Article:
While the rest of the crypto market slowly bleeds away, one cryptocurrency – dubbed Storeum – has sprung out of nowhere, citing improbable gains. But what is this cryptocurrency, how did it get here, and is it a scam?
Recently, Coinmarketcap (CMC) has been a fairly dire, mournful reminder of the recent carnage witnessed within the cryptocurrency markets. Various charts, strewn with squiggly lines pointing downward, depicting prices that are more in keeping with the mid-bear market of 2018. Nevertheless, one outlier remains. Poking its unfamiliar little head above the rest is Storeum (STO).
In the past week, the cryptocurrency has seen ungodly gains of approximately 11310%. Over the last 24 hours alone, STO cites a 333% hike.
According to a historical snapshot of CMC taken on 10 November, Storeum was little more than a spec of dust in the grand scheme of the crypto ecosystem. Ranking at #1430, conferring a price of $0.0026, and living a life of relative obscurity among its once-contemporary ‘sh*tcoins.’
Since that time, though, the winds of change and fortune seemingly blew in Storeum’s direction. Today it sits proudly – if somewhat bewilderingly – at position 29 on CMC, with a price tag of $2.16. Overtaking 1401 cryptocurrencies – and breaking into the top 30 – all in just over two weeks. Which begs the question, what on earth is going on?
According to its website, the project bills itself as the “world’s first decentralized, peer-to-peer marketplace.” A platform for businesses to build their online markets upon.
Other than that, there’s not too much information to go by. According to its questionable roadmap – which read more like a child’s wishlist – a litany of vague goals such as “further development” and “make more partnerships are scheduled for 2020.
Meanwhile, a 30-page white paper offers little more than a few typos and an unoriginal vision to ‘revolutionize’ e-commerce.
Oh, and they’ve given themselves a price target of $100 per STO…
Up until now, Storeum’s aforementioned misdemeanors could be put down to simple ineptitude. Yet, it seems, after digging a little deeper, that things are a whole lot murkier than at a glance.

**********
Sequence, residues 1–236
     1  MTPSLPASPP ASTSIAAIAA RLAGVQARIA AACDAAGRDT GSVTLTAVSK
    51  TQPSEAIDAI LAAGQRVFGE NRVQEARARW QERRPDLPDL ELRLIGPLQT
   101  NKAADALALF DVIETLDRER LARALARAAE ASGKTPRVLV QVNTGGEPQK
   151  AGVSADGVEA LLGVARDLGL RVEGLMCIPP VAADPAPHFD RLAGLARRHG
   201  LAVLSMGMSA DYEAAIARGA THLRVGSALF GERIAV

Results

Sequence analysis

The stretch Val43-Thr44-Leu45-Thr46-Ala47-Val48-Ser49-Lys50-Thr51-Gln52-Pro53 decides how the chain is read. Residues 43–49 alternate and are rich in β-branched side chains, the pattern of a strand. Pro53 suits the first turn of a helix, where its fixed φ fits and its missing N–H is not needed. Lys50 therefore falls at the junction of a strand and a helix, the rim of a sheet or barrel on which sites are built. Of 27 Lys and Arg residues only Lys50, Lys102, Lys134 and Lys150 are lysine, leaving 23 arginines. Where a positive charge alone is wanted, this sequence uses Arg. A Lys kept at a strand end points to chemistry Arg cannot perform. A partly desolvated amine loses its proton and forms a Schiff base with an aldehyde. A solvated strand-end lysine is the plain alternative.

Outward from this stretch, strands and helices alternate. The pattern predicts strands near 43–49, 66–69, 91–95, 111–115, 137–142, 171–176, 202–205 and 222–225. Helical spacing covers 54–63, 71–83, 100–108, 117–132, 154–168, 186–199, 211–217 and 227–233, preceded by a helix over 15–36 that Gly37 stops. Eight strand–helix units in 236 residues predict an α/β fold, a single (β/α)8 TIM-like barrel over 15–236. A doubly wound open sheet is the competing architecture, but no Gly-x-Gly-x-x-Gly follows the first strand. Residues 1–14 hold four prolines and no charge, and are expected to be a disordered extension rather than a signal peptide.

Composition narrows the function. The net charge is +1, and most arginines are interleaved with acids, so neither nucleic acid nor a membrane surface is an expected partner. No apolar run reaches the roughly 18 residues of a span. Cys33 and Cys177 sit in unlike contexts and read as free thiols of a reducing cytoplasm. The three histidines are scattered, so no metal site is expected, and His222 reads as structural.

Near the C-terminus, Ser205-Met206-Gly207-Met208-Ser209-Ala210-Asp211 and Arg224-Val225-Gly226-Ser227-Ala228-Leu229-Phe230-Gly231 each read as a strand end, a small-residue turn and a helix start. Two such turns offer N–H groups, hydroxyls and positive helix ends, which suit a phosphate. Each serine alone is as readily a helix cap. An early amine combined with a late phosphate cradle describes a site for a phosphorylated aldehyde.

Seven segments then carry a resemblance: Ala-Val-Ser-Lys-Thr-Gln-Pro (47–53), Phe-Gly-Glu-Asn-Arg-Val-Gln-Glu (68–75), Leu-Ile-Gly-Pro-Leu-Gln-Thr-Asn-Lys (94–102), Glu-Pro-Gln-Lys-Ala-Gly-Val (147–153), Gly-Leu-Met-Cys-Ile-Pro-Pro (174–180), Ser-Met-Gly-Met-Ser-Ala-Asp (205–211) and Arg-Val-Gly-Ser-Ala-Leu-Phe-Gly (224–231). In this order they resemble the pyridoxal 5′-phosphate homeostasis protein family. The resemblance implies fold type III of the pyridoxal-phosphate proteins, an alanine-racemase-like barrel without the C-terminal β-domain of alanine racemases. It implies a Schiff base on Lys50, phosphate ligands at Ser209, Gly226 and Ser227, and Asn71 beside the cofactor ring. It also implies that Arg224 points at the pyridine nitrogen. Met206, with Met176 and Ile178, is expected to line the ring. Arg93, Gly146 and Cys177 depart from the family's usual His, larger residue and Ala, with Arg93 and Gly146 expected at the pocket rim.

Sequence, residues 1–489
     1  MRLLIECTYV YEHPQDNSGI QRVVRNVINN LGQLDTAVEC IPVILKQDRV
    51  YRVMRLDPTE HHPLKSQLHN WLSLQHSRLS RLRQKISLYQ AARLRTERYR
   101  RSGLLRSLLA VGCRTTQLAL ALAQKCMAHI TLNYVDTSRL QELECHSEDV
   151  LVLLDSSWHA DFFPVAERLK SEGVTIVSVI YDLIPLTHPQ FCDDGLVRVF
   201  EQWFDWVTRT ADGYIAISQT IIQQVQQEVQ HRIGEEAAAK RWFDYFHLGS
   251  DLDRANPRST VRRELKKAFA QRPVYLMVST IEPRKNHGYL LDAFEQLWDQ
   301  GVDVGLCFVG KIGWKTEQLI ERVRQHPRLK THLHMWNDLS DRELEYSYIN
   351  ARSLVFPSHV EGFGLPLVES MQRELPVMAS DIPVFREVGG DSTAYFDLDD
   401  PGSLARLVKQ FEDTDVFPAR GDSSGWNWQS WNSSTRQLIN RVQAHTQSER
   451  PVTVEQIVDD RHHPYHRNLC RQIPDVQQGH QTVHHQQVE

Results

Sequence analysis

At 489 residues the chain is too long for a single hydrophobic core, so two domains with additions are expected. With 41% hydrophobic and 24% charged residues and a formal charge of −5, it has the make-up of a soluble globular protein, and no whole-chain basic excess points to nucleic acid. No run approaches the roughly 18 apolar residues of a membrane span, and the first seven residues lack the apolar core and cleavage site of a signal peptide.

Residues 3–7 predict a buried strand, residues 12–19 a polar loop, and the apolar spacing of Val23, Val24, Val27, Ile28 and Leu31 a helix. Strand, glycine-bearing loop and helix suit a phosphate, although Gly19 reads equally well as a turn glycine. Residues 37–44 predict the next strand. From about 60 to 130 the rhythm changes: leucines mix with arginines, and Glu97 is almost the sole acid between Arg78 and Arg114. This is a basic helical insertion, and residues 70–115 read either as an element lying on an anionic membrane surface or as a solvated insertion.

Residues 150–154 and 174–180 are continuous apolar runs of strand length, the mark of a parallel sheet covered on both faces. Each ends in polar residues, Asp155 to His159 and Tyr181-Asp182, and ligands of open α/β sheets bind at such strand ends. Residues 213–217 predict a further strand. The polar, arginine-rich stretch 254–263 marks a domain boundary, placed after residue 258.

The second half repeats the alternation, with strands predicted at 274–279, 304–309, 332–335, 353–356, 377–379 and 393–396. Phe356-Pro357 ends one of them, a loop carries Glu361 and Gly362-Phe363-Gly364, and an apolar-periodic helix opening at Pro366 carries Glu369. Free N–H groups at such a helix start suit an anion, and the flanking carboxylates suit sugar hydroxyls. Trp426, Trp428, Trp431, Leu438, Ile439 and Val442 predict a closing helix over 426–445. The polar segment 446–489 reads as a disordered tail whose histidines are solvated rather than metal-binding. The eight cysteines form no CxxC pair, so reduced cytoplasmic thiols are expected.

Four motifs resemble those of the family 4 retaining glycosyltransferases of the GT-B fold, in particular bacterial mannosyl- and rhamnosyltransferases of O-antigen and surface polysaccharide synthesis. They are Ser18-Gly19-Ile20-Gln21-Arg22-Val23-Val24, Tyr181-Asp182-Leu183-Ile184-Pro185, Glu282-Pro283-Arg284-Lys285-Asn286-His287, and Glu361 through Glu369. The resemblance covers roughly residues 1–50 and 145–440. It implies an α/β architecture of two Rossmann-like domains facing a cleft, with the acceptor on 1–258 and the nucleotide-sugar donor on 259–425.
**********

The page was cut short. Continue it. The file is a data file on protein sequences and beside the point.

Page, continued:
First of all, the token cites listings on several low liquidity and relatively unknown exchanges. One of which is itself implicated in allegations of scamming.
Moreover, a painfully obtrusive omission lies in the project’s lack of a publicized team. While boasting a “motivated team,” Storeum neglects to provide any pictures or social links to either their CEO, CIO, or Developer. The few LinkedIn profiles that were available have since been deactivated.
Damningly, a quick Google of Full Stack Developer, “Juliana Leem,” leads to a top-ranked result – a bitcointalk thread accusing Storeum of generating fake/AI team members.
Within the thread from July 2019, the original poster (OP) accuses Storeum of a score of misdeeds, including:
Fake CEO and team members, stolen content, plagiarized whitepaper, bumping bots…you name it lol
According to the OP, content posted on Storeum’s whitepaper was partly ripped off from other crypto projects, including Electrumdark. Solidifying their beliefs, the informer urges others to fact check via a fake image detection website. The facial recognition search apparently came back conclusive, returning a positive result for computer-generated pictures:
In the time since the post, Storeum had clearly realized their jig was up – removing the LinkedIn profiles of the ‘team’ along with their respective faces.
Worryingly, these blatant red flags aren’t doing much to dissuade Storeum’s followers.
Of course, it’s entirely possible that these are simply paid shills/bots. Still, there remains a fundamental danger that some poor sap will get sucked into a pump and dump Ponzi. Just make sure it isn’t you.